Facebook introduced the carousel ad to replace the single image ads to add creativity and increase engagement. Instead, it allows sharing up to 10 images or videos in a single unit that users can scroll through. Additionally, carousel ads have higher-than-average CTR rates, as do Collection Ads. Here are some popular Facebook carousel ad examples:
In these Facebook carousel ad examples, you can use this format to highlight various products in a single ad unit, or provide more information.
Single image ads example
Not every ad needs a video or outstanding creatives to sell. In some cases, static images and the right ad copy will do just fine. This format presents a single visual for users to focus on. Instead of using stock photos, branded imagery is the best choice when it comes to single-image ads. You can use models holding your product or just flat images of your product.
Here is how a brand uses Facebook single image ads to run successful campaigns.
Side column ad example
Ads in the right-hand column that were previously shown by a small thumbnail (100×72 image), are now displayed in the sidebar with much bigger images (up to 3x). Side column ads often cost less and can work well for retargeting when users are already familiar with you, but often see fewer CTR than other ad placements. Let’s take a look at the new side column ad example:
Facebook Lead Ads example
Facebook Lead Ads are one of the most practical ways to generate leads. It allows marketers to connect to people who may be interested in their products or services while collecting information from them.
Once selected, lead ads open to an in-app or on-site lead form that Facebook automatically fills out. In this article, you can find the most effective examples of Facebook Lead Ads along with a couple of case studies.
Considering the amount of marketing competition on the world’s most popular social network, automating your Facebook advertising can help you stand out. LeadsBridge integrations help sync your lead data into your marketing stack in real-time, streamline your campaigns and create instant follow-ups to maximize conversions. Check out two of our favorite integrations for Facebook marketing.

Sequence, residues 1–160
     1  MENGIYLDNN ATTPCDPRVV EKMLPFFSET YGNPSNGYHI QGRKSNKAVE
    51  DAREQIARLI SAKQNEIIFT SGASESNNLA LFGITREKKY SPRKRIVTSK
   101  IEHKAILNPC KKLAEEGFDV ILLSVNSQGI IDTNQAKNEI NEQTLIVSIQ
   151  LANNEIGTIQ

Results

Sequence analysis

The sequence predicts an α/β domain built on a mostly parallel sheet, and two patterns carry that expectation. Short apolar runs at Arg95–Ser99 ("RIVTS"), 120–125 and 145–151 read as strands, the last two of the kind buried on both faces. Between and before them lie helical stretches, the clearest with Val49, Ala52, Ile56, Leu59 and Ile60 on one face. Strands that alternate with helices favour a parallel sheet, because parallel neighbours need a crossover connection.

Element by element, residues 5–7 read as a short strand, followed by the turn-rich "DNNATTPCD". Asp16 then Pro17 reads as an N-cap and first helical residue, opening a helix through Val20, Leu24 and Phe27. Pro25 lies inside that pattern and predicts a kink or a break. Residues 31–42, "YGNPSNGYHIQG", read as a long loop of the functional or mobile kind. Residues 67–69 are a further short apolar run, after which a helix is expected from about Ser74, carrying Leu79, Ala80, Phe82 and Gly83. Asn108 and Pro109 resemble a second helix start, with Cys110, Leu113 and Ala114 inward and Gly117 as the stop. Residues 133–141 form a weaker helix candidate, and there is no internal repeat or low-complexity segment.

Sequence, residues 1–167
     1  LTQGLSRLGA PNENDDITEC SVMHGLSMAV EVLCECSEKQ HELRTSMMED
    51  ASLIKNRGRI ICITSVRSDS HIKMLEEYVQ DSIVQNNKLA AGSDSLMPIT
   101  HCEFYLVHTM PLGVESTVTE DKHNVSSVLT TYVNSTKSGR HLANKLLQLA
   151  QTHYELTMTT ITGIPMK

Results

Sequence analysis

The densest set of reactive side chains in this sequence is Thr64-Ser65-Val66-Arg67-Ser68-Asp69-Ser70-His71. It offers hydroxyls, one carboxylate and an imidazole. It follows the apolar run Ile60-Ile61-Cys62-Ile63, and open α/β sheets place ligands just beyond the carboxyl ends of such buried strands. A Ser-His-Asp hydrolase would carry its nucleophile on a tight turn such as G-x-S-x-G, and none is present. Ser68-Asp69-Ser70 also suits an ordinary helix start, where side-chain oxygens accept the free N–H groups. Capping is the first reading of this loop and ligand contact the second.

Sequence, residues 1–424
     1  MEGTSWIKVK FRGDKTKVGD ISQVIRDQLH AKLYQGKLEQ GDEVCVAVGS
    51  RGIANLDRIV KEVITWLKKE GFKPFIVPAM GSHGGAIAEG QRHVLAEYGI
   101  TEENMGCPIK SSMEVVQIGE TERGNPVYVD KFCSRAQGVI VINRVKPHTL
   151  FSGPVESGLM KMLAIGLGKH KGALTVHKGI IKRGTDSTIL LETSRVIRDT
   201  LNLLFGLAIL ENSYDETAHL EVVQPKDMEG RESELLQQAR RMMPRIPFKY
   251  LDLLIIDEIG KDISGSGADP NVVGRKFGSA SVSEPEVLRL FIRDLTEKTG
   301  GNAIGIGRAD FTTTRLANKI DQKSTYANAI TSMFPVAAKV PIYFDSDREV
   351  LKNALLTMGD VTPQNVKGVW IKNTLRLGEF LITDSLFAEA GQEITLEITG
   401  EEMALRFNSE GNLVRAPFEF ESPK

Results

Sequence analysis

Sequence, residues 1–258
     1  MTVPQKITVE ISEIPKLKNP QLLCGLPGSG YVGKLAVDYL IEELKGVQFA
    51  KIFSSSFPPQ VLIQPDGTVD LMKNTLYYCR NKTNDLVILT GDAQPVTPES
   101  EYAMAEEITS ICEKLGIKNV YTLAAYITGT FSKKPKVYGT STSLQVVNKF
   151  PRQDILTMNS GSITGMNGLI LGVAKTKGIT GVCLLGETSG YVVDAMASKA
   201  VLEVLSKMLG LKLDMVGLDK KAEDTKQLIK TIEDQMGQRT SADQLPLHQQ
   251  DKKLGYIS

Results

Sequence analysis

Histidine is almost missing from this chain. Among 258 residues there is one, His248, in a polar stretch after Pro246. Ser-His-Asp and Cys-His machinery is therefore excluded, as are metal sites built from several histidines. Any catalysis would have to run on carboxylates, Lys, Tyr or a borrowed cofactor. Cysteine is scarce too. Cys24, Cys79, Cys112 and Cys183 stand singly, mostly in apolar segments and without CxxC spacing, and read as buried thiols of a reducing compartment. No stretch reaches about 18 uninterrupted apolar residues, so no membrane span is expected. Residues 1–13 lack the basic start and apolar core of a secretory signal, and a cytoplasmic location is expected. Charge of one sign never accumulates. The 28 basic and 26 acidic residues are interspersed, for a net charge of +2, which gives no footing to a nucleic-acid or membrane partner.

Facebook Lead Ads integration with HubSpot
Facebook Lead Ads integration with Mailchimp
Facebook Lead Ads integration with Email Notification
Facebook Lead Ads integration with Pipedrive CRM
Messenger ad example
Messenger ads show up in Messenger and work when you’re retargeting users who have recently been in touch and who are most likely to want to hear from you. These ads are generally added as placement by default on all available objectives with the current interface. You can see these features in the example below.
Instagram Story Lead ad example
Instagram Story Lead ads are a great choice for approachable content and brand awareness-focused campaigns. Advertisers can request email addresses or contact details from users who click on their ads with story ads. This information is collected without taking the users off the platform, and can be used to build Newsletter sign-up lists or strategize follow-up calls.
If instagram lead ads are your area of interest, then these LeadsBridge integrations can improve your marketing efforts significantly.
Instagram lead ads integration with Mailchimp
Instagram lead ads integration with Salesforce®
Most ad formats are automatically enabled when you’re creating new ads. Make sure that you’re previewing how both your copy and media look in each ad format and on both mobile and desktop.
5 Tips for creating a strong Facebook Ad
There are so many ways you can create a strong Facebook Ad, but these are our five best tips to get started in the right direction:
- Start with your strategy first. You always want to know what you want a specific ad campaign to accomplish—whether that’s lead, traffic, sales, or reach— before you start. This will impact your entire campaign, including who you target and what copy you use.
- Choose your objective carefully. You may be running a video ad and ultimately want both video views and sales, but which do you want to prioritize for this particular campaign? For many, it might be video views so they can create retargeting campaigns on a warmer audience.
- Use a full-funnel ad approach. A Facebook Ad funnel accounts for users at all stages of the digital sales funnel, and works to actually nurture users from one stage to the next. Someone who has never heard of your brand won’t respond to the same ad as someone who has purchased three times already.
- Use integrations to get the most out of your ads. You can use integrations for custom audience targeting syncing, lead data syncing, and even pushing data to your CRM for lightning-fast follow ups. LeadsBridge offers all of these integrations and more. Here are some of our popular integrations:
Hubspot integration with Facebook Custom Audiences
GetResponse integration with Facebook Custom Audiences
Facebook Marketplace Ads integration with Mailchimp CRM
Facebook Dynamic Ads integration with ActiveCampaign
- Consider letting Facebook do the heavy lifting. One of the best parts about Facebook’s ad system (even after iOS 14.5) is that they have incredible machine learning and automation. You can set up Facebook dynamic ads or even keep using manually-created ads with different split test versions and let Facebook determine who to show the ads to for the best results.
And as always— don’t forget to split test! That’s the best path forward for true optimization.
The anatomy of a Facebook Ad is relatively simple, even if there are so many different options to choose from (and even though the strategy could be complex). Using the right tools can keep your ad management much more streamlined and efficient.
LeadsBridge’s integrations can help you get the most out of the results you get from your campaigns, funneling lead and custom audience information back and forth between Facebook, your CRM, your email marketing software, and more. As a result, you can create stronger, full-funnel experiences on Facebook and off of it, making it more powerful of a platform.
Want to learn more about how to get the most out of your Facebook Ads? Check out our Facebook integrations here.